Objective: To measure communication loads on clinical staff in an acute clinical setting, and to describe the pattern of informal and formal communication events.
Design: Observational study.
Setting: Two emergency departments, one rural and one urban, in New South Wales hospitals, between June and July 1999.
Participants: Twelve clinical staff members, comprising six nurses and six doctors.
Main outcome measures: Time involved in communication; number of communication events, interruptions, and overlapping communications; choice of communication channel; purpose of communication.
Results: 35 hours and 13 minutes were observed, and 1286 distinct communication events were identified, representing 36.5 events per person per hour (95% CI, 34.5–38.5). A third of communication events (30.6%) were classified as interruptions, giving a rate of 11.15 interruptions per hour for all subjects; 10% of communication time involved two or more concurrent conversations; and 12.7% of all events involved formal information sources such as patients' medical records. Face-to-face conversation accounted for 82%. While medical staff asked for information slightly less frequently than nursing staff (25.4% v 30.9%), they received information much less frequently (6.6% v 16.2%).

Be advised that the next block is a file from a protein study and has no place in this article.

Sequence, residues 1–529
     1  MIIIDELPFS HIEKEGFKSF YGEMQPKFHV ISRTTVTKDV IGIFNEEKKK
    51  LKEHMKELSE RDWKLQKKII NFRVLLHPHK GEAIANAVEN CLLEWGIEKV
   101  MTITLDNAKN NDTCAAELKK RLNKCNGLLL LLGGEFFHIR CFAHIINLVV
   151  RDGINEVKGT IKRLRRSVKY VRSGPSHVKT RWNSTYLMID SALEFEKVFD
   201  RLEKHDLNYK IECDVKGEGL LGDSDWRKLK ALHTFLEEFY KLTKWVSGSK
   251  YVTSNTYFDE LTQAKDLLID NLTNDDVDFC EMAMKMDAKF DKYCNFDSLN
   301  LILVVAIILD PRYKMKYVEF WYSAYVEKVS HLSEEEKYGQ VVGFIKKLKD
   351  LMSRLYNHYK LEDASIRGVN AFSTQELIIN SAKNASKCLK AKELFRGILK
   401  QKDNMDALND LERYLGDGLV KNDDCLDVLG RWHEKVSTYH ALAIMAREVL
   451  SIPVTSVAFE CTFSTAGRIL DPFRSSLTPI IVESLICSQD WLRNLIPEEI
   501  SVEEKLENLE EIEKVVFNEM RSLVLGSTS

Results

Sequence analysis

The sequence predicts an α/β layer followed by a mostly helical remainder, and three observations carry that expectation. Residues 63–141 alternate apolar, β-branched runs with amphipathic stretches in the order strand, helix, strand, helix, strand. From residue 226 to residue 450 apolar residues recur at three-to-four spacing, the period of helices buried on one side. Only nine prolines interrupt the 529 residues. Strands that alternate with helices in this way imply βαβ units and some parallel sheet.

Conclusion: Our results support the need for communication training in emergency departments and other similar workplaces. The combination of interruptions and multiple concurrent tasks may produce clinical errors by disrupting memory processes. About 90% of the information transactions observed involved interpersonal exchanges rather than interaction with formal information sources. This may put a low upper limit on the potential for improving information processes by introducing electronic medical records.
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